But now assume a legitimate user accidentally enters his/her password in the username box. If you store the raw text, the logged username (password) can be read by an intruder (assume an intruder has somehow gained access to your data files). Your goal is to make the data unreadable by the intruder in this situation. This is when encryption comes in handy.

If you are using a DBMS, the encryption can be done by the database system. For example you can encrypt the tables/columns that store the usernames and hash the passwords.

If, you are storing this information in, let's say a CSV file, this encryption can be done at the application layer. If you are able to use public key cryptography, then your life is going to be easy. The application can simply encrypt the entered values using the public key and you (or whoever knows the private key) can decrypt them with the private key - it should be fairly easy to keep the private key safe. If you have to use symmetric key cryptography, there are several ways to store the secret key securely (do a search online). It may not going to be as secure and as easy as using public key encryption but it is much better than keeping raw text, right?

Bear in mind that the goal is to make intrusion costly, not to make your system 100% immune... because that's simply not practical.

  • Encrypted or hashed? Encryption with a symmetric key is useless and asymmetric is probably computationally expensive for these purposes?
    – Lekensteyn
    Commented Mar 29, 2013 at 16:11
  • Encrypted, not hashed. There is absolutely nothing wrong with symmetric encryption and there are several ways to implement this solution. You might also want to mention the reason you think symmetric encryption is "useless".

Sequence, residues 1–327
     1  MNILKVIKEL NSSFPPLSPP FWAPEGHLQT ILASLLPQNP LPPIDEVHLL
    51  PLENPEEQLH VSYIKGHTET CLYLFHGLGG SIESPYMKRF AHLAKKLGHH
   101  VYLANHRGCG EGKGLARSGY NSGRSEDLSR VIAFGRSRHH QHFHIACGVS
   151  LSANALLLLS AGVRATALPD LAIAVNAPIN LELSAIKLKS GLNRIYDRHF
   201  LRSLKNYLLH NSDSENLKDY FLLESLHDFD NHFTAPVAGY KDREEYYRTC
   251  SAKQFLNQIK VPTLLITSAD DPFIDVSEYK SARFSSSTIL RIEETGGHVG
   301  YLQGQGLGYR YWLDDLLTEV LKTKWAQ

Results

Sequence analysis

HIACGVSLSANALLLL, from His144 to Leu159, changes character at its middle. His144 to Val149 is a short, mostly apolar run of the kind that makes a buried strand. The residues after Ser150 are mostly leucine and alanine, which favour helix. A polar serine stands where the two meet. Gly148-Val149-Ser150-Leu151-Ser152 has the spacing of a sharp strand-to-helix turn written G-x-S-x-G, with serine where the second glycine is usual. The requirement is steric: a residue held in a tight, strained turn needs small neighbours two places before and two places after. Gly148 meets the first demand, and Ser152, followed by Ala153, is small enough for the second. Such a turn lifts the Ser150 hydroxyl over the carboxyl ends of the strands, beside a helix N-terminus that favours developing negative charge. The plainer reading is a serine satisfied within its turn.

– Radix
    Commented Apr 4, 2013 at 17:12
  • 1
    What is the point of encrypting the usernames? If it is for anonymity, it will fail when (logging/application) server is compromised.
    – Lekensteyn
    Commented Apr 4, 2013 at 17:17

Follow the link makerofthings7 provided as a comment, as that had a lot of detail on how to stop it in the first place, but you should still log all attempts.

Why would it not be sufficient for an authentication system to log only invalid authentication attempts for valid user names?

An invalid log-on attempt could indicate a possible attack. If you only log those with valid usernames, you will not see all of the attack which may help you counteract the attempt better if it is distributed or it may give you some other useful information.

In a rare case, if the log is exposed/accessible, the attacker could use this to enumerate valid/invalid usernames (A/B test on each logon; though if your logs are publicly exposed...).

The root problem is that the password might be logged. This could also happen with a low likelihood if the user typed the password in the username field, but still put some content in the password field.

In may be best to encrypt the whole log or at least the username portion (or any other PII that is included) when stored. Any SIEM, etc can still correlate if the encryption is always the same for a given value. Since its a good idea to store all invalid attempts, encryption allows you to keep all of that an limit exposure of passwords.


I think this question is driven by case-definition and it varies according to requirements for analysis. Consider this,

An attacker using dictionary brute force attack; can lock legitimate users (considering) he keeps a dictionary that is well-social engineered for his attack environment. In this attacker is abusing the account lockout policy.

Now, in the above scenario was a honeypot system (running vulnerable telnet service) you can learn a lot about the attacker way of using the dictionary. If the users in the dictionary matches the organization lists you can probably alert system administrators to change usernames.

like some maths and stats can help on analyzing trend e.g data say that the attacker is hitting the right username after 80% failed attempts after every five minute. This number gives you the safe or grace period for action.

  • What you are trying to say is that you are for logging usernames so that admins can know if a particular user is getting hit? Secondarily, as a means to perform research on brute-force techniques.
    – schroeder
    Commented Mar 26, 2013 at 23:40
  • @schroeder thats pricely what i mean.
    – Saladin
    Commented Mar 27, 2013 at 4:48